from the Claremont Review of Books, Conservatism After Trump by William Voegeli:

The one constant for conservatives, clearly implied by the designation they have chosen, is an acute sense of precariousness. In How to Be a Conservative (2014), the English philosopher Roger Scruton says that conservatism originates in “the sentiment that good things are easily destroyed, but not easily created.”

This is especially true of the good things that come to us as collective assets: peace, freedom, law, civility, public spirit, the security of property and family life, in all of which we depend on the cooperation of others while having no means singlehandedly to obtain it. In respect of such things, the work of destruction is quick, easy and exhilarating; the work of creation slow, laborious and dull. That is one of the lessons of the twentieth century. It is also one reason why conservatives suffer such a disadvantage when it comes to public opinion. Their position is true but boring, that of their opponents exciting but false.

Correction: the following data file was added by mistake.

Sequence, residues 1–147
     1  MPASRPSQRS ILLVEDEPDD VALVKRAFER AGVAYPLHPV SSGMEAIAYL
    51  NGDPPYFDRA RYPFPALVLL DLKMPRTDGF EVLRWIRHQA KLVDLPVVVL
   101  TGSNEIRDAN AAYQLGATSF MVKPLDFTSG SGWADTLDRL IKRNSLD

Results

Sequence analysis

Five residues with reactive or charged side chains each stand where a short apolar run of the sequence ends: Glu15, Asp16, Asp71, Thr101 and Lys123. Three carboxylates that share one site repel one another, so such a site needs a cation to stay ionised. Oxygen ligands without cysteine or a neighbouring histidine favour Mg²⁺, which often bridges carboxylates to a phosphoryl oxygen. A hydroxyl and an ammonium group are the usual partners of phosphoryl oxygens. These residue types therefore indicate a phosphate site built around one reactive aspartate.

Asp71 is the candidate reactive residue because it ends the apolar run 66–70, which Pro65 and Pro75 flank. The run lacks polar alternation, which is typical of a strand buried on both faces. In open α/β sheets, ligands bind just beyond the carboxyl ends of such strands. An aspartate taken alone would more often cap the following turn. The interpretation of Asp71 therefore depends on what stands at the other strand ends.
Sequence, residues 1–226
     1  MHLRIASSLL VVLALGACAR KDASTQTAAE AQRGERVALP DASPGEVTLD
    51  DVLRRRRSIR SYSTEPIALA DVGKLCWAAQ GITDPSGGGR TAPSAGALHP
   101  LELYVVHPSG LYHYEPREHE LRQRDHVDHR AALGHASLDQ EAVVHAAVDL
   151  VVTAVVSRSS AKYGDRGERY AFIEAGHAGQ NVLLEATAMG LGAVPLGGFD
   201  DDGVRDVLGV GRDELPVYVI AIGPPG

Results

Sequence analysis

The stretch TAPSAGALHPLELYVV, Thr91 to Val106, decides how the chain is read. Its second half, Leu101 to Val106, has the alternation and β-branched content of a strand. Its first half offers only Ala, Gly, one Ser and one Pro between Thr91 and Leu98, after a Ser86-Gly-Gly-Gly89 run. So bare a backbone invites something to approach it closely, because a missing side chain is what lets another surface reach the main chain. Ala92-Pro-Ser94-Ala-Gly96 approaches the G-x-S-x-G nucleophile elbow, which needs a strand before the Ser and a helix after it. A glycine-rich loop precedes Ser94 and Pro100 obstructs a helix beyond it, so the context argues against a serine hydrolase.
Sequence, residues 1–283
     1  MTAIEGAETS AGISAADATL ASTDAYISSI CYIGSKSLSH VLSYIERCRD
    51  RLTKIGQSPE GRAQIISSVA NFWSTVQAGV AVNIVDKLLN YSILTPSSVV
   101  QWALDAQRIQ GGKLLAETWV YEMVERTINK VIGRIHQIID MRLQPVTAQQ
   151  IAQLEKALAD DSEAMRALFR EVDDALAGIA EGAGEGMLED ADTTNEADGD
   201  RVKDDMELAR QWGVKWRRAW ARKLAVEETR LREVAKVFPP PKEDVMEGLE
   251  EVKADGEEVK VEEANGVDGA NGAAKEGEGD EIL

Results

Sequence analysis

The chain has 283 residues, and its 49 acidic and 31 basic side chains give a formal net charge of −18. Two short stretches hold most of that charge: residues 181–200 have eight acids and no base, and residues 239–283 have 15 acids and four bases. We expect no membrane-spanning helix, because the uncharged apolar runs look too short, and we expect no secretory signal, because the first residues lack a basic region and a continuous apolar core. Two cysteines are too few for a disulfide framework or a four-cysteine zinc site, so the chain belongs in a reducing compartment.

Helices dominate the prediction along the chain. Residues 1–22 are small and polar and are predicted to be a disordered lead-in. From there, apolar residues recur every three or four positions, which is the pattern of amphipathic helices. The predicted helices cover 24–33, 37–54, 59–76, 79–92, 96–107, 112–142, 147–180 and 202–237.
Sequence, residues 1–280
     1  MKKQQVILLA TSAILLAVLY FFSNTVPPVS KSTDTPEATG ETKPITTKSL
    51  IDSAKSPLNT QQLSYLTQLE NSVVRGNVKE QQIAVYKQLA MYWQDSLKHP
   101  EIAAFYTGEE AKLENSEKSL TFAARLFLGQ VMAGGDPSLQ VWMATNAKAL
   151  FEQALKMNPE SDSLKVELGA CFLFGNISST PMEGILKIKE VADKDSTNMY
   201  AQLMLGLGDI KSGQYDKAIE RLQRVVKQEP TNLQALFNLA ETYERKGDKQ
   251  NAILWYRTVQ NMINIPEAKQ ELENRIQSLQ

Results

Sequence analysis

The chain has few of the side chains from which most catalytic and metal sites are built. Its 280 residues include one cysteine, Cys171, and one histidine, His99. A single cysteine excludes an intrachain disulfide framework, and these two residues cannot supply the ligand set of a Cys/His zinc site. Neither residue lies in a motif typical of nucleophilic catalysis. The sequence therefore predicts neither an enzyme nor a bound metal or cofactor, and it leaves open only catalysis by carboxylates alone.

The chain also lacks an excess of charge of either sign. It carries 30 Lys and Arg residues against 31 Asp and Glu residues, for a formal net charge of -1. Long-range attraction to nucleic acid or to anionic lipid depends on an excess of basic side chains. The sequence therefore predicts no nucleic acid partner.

Conservative policy agendas and philosophical explications, Scruton maintains, all derive from a disposition. For conservatives, “We’ve never done things that way before” is not a decisive objection, but one that does carry considerable weight. They worry that the more sustained and substantial are the benefits enjoyed under long-standing arrangements, the more we take them for granted. In doing so, we stop comparing our condition favorably with known, existing alternatives, and begin comparing it unfavorably with hypothetical possibilities. On the political supply side, public officials compete to be visionary and idealistic, to promise those transformations that will be the most fundamental. Those citizens increasingly disposed to believe that their glass is half-empty welcome or even demand such boldness.